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City Council elections: Melanie Potyondy, District 4

Melanie Potyondy poses for the portrait
District 4 Fort Collins City Council Candidate, Melanie Potyondy poses for a portrait by the University Center for the Arts March 20. (Tri Duong | The Collegian)

Melanie Potyondy is on a mission to improve and preserve the future of Fort Collins. 

Potyondy, the current representative for District 4, is running to maintain her seat for the upcoming April election. 


After attending Colorado State University in 1998, Potyondy studied at the University of Northern Colorado to pursue her doctorate in school psychology. She and her husband moved around the Front Range, only returning to Fort Collins about six years ago. 

Potyondy loves Fort Collins for its businesses, parks and progressive ideals. She said that it has a small-town feel with the benefits of a larger city. 

Her interest in local politics began when she took CityWorks 101. This program serves as a citizen’s academy to get residents interested in the City’s government and its inner workings. 

We’ve got to help get us back to the place where people’s basic needs are being met and that they’re feeling secure.” -Melanie Potyondy, District 4 candidate

Potyondy said the course allowed her to see all the pieces of the City come together and learn how they fit together. 

She was also able to see the government at work firsthand in 2019. She, along with local mayoral candidate Jeni Arndt, helped pass a bill that sought to have equal compensation for nationally certified school professionals, including school psychologists like herself. 

Potyondy said that this helped her realize how accessible local politics is. 

“I had this idea as a constituent and I got to do something about it and see it change the law in Colorado,” Potyondy said. “You can actually talk to your representatives and make change.” 

Additionally, Potyondy said that after the 2016 election, she felt she had to do more than vote. 

“I needed to have a more active role, and I found that local politics was really where I could have more direct impact with what was going on in my community,” she said.  


Potyondy’s platform has three main focuses under the umbrella of COVID-19 recovery. 

The first is to keep Fort Collins’ character as it grows. She wants to maintain the qualities, businesses and spaces that make the City unique while “growing gracefully.”  

The second is achieving long-term livability. This includes creating opportunities for housing affordability, providing a wide variety of jobs and having adequate transportation in place. 

Potyondy said she wants to make Fort Collins a place where people can settle and feel like they have a home.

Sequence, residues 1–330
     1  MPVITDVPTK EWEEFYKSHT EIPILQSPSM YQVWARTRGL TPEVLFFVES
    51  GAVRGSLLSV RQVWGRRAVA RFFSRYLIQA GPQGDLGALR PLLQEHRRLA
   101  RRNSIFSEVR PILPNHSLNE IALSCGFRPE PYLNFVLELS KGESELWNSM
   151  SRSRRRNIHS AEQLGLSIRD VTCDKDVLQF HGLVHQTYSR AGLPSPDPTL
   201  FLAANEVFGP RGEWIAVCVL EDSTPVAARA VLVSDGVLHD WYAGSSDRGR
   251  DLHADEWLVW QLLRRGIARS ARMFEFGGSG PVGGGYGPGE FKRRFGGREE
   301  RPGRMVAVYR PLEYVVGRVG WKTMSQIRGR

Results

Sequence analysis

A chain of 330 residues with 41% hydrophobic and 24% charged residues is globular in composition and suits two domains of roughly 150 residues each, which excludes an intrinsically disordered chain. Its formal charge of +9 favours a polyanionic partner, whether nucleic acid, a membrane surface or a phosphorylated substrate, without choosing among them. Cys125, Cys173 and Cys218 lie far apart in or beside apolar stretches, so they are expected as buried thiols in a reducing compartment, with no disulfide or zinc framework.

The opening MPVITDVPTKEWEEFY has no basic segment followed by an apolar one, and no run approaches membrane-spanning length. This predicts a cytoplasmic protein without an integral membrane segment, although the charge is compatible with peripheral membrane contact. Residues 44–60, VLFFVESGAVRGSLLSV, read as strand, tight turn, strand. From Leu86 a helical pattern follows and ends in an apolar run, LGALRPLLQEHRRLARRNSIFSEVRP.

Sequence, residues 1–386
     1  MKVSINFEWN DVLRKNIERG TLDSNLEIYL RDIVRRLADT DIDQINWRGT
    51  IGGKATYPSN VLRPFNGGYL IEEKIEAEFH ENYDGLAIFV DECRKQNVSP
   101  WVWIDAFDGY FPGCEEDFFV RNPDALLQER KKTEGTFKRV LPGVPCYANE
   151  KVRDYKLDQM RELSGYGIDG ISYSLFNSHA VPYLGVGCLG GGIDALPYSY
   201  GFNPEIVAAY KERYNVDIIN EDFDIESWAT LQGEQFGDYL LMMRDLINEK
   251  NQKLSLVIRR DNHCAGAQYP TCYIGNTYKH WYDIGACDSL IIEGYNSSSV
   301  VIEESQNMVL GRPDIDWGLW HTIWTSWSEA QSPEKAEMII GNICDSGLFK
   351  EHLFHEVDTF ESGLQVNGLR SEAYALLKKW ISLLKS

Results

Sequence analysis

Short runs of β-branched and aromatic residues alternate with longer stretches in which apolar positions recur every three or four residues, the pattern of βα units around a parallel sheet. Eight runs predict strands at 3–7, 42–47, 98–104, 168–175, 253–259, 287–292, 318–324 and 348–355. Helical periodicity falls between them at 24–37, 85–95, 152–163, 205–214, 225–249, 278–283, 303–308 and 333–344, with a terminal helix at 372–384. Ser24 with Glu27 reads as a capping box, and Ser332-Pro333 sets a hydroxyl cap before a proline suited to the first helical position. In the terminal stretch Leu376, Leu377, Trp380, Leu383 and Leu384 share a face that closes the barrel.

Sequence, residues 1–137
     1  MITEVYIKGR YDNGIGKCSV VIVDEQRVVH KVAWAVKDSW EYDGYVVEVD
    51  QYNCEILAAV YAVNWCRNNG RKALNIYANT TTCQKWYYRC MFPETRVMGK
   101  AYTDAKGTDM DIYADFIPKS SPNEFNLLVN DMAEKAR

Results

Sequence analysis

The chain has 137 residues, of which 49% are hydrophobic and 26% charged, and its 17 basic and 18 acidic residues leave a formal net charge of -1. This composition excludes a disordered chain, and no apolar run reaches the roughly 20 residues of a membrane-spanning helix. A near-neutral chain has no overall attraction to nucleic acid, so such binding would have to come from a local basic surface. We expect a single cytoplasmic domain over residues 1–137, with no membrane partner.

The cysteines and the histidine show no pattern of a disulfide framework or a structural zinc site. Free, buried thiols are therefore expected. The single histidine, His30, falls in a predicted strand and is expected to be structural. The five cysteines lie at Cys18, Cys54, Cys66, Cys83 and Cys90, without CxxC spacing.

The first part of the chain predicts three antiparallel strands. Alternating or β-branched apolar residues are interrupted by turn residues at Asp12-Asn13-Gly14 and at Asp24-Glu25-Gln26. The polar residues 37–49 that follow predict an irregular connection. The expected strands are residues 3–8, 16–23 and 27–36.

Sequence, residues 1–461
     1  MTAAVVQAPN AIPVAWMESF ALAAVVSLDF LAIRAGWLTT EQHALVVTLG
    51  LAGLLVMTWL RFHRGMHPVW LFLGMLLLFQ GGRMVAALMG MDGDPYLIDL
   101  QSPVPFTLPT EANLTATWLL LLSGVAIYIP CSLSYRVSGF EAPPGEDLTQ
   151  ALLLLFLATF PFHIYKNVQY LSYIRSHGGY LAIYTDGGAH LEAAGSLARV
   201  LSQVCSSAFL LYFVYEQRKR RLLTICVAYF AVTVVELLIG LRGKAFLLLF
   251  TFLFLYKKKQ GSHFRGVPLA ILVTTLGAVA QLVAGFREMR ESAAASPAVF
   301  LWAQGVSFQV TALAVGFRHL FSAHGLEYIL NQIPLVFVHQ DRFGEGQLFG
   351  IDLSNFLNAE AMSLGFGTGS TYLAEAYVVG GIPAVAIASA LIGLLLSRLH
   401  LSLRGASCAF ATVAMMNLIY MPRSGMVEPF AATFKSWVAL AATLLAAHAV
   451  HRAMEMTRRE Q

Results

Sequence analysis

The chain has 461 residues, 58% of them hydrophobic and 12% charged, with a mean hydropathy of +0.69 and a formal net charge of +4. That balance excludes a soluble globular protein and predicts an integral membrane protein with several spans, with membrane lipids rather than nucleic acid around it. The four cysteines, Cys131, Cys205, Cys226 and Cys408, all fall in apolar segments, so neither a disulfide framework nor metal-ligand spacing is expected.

Thirdly, Potyondy will focus on environmental sustainability. She said she wants to be progressive and mindful of climate action, solid waste diversion and keeping an adequate amount of open space. 

Another part of Potyondy’s platform is making sure Fort Collins is accessible for everyone. As a school psychologist, she works with students with disabilities. After high school, there are many obstacles they face, including finding a job and getting around, Potyondy said. 

“I want to see everybody in the City be able to live at their highest level of independence and enjoy our community and be able to access all it has to offer and not feel like they’re stuck,” Potyondy said.   

As for the Hughes Stadium ballot initiative, Potyondy said it’s a difficult issue. She explained that she sees members of community valuing housing but also valuing open space. Potyondy said there’s a “push-pull” relationship. 

“I value both of those things, but I’m really, really invested in giving the voters their say, that people have the chance to communicate what they want with that property,” Potyondy said. 

Given her commitment to sustainability, Potyondy fully supports the plastic bag ban, characterizing it as “the first step” toward being assertive in environmental action. 

Potyondy said there’s a sense of urgency to roll back the environmental damage and that includes taking small, tangible efforts where people can. 

Her first order of business, if elected, is helping both private residents and businesses recover from COVID-19. 

“We’ve got to help get us back to the place where people’s basic needs are being met and that they’re feeling secure,” Potyondy said. 

Additionally, Potyondy places an importance on the Housing Strategic Plan and the Climate Action Plan, explaining that Fort Collins’ growth will only continue. There needs to be a balance between development and being environmentally conscious, she said. 

Potyondy cares deeply about her community in District 4, given it’s the area she works, lives and where her two sons will attend school. 

“My whole life happens in this part of town,” she said. “I am very, very invested in taking care of the folks who live here and the families I work with at Rocky (Mountain High School).”

Laura Studley can be reached as or on Twitter @laurastudley_

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